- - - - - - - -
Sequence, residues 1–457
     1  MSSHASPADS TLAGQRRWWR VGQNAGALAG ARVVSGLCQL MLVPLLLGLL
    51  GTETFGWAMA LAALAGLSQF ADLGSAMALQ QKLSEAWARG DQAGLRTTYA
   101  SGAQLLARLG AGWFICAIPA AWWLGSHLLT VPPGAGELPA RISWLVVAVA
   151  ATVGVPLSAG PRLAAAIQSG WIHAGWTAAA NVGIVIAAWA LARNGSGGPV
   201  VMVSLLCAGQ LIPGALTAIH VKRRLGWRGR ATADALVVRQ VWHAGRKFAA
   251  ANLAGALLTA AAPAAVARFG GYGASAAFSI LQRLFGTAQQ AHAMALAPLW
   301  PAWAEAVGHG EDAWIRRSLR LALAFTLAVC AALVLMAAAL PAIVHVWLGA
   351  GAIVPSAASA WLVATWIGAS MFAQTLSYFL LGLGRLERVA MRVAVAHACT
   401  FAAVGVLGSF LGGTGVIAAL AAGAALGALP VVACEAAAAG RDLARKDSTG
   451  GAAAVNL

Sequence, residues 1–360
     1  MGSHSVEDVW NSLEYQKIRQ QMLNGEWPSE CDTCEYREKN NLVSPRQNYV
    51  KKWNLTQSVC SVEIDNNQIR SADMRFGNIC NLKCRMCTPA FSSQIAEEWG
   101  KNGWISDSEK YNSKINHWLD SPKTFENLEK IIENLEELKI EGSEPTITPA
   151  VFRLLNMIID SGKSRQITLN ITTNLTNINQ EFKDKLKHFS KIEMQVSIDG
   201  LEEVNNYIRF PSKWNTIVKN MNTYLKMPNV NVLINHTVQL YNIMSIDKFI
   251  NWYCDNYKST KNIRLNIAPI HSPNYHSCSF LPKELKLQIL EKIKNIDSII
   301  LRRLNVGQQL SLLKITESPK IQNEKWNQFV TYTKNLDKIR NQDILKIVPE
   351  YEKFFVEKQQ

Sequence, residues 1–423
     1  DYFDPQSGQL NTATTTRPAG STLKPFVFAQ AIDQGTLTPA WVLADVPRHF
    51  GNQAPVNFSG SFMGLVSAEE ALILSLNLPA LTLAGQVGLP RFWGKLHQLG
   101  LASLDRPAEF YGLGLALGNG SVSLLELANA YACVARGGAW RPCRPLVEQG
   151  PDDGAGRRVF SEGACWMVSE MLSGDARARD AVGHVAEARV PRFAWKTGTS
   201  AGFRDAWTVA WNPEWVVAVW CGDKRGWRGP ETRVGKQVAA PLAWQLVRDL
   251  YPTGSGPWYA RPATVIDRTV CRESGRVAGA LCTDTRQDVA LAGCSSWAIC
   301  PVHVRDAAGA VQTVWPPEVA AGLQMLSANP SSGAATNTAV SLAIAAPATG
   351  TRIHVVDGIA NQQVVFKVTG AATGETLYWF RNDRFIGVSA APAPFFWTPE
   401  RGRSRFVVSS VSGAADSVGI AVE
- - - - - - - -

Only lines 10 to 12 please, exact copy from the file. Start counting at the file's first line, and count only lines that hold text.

   401  FAAVGVLGSF LGGTGVIAAL AAGAALGALP VVACEAAAAG RDLARKDSTG
   451  GAAAVNL

Sequence, residues 1–360